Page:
Mega-vessels: Safe or Treacherous?


As mega-vessels continue to plough the seas in the waves of global trade, concerns are being raised pertaining to how the size of a vessel itself could put crew members and cargo at risk.

According to the Journal of Commerce, one of the safety risks that mega-vessels bring to the table is the relatively small number of ports that are able to handle them in the event of an emergency.

Others issues include the shortage of salvage tugs available to tow the megaship to safety, as well as the difficulty of locating and fighting fires if they ignite deep within a hold.

It is becoming much harder to avoid putting larger volumes of containers on a single vessel, which increases the likelihood of an accident.

The increase in vessel sizes and the advent of shipping alliances, as well as calling at fewer ports makes this problem all the more prevalent.

Raymond Hayden, a Veteran Maritime Attorney with Hill Rivkins LLP, said: “What do you do with a 19,000 TEU ship? Where do you take it if you run into a problem? How many ports can handle the unloading of a ship that size, with gantry cranes that are tall enough and long enough to go across the width of the ship?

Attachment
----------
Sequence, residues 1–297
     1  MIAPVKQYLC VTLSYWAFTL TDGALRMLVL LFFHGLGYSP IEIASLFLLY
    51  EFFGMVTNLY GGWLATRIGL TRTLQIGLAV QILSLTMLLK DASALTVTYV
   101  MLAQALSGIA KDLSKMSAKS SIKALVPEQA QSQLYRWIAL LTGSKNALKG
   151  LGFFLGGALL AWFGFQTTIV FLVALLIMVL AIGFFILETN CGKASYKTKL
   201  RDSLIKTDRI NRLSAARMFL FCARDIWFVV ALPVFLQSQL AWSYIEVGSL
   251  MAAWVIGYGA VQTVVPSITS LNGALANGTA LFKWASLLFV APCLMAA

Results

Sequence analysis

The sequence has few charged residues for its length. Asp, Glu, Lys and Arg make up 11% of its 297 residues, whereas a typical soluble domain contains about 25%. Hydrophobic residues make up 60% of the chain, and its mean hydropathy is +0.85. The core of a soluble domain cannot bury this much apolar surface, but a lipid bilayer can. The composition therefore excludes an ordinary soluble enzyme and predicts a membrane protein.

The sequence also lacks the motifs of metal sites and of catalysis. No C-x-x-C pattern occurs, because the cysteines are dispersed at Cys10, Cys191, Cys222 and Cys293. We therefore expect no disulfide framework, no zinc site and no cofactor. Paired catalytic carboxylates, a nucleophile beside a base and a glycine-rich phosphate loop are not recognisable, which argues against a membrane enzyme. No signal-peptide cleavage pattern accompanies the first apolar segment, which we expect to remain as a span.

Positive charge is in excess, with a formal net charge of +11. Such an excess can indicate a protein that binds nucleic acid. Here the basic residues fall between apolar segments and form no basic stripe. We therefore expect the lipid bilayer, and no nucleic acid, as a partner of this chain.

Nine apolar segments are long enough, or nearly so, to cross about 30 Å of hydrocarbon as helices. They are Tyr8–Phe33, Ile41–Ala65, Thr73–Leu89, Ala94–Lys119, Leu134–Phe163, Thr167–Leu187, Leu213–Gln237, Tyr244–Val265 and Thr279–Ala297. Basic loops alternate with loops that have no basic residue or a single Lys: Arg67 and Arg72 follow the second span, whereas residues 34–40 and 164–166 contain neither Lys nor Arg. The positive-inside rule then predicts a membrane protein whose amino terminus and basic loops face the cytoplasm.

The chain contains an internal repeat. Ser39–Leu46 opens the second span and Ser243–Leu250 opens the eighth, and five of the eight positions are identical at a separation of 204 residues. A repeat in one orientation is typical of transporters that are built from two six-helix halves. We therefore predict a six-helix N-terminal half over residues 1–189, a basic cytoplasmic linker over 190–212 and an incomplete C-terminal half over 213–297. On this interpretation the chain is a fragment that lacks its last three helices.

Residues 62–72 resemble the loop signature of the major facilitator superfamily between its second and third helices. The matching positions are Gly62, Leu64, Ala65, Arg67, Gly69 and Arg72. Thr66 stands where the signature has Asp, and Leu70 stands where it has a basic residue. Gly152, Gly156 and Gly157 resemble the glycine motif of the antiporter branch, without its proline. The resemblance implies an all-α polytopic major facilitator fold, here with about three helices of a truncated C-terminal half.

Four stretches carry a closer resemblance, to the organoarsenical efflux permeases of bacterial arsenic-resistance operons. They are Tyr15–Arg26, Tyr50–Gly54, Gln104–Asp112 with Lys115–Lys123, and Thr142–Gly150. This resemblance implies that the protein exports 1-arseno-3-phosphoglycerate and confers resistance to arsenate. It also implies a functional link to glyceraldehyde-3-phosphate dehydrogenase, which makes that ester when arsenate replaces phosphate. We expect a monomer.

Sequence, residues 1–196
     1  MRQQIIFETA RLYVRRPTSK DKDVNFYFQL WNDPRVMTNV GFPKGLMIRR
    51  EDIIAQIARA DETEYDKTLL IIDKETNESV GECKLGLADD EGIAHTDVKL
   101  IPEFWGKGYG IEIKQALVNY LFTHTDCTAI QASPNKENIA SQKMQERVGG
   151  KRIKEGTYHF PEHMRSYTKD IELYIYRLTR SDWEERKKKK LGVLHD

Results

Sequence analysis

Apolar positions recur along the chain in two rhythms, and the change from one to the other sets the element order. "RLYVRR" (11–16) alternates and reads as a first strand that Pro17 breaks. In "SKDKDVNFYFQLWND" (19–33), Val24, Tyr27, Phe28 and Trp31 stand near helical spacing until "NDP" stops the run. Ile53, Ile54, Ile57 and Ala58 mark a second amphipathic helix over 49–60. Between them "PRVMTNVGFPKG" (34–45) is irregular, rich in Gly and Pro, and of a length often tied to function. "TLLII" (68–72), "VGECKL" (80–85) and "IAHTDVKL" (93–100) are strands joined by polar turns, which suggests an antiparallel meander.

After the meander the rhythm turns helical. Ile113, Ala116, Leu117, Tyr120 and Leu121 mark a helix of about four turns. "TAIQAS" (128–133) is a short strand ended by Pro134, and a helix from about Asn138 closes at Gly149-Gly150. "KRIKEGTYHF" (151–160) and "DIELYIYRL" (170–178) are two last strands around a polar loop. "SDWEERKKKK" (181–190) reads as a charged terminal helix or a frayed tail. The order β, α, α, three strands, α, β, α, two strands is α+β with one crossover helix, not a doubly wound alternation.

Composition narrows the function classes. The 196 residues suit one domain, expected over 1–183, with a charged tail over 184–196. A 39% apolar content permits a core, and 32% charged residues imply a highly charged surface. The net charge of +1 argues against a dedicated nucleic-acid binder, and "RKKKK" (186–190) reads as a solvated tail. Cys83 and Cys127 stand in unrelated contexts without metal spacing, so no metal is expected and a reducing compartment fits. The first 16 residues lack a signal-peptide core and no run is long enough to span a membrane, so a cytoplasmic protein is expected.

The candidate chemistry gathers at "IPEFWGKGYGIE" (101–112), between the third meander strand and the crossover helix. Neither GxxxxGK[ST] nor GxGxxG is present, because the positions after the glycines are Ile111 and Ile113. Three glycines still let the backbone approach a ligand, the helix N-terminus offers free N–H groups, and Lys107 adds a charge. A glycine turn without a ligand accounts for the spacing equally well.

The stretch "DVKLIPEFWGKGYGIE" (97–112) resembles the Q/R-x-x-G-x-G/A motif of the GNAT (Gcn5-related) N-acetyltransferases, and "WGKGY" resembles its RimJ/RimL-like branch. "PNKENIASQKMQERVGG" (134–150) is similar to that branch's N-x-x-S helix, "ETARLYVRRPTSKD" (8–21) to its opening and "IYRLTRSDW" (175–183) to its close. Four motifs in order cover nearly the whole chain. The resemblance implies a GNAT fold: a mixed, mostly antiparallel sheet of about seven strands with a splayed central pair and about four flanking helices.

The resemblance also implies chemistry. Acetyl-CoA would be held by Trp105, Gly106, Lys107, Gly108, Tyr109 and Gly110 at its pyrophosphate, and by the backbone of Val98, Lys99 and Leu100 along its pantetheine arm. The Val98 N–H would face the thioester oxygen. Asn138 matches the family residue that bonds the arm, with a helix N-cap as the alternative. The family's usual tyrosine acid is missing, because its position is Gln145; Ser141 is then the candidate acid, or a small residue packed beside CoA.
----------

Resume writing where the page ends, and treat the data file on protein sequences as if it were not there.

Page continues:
“When you get fire in one of those holds, there is no way to go into the hold to fight it. You don’t know where it is in the hold, you are not going to send people down to fight it. Do they carry enough CO2 to smother it? They hope to slow down the fire if anything and continue to move as fast as they can.”

One argument in favour of mega-ships is the notion that, because new ships can haul so many containers, less ships are on the seas, thereby polluting less.

Mega-vessels: Safe or Treacherous? Source: Hafen Hamburg

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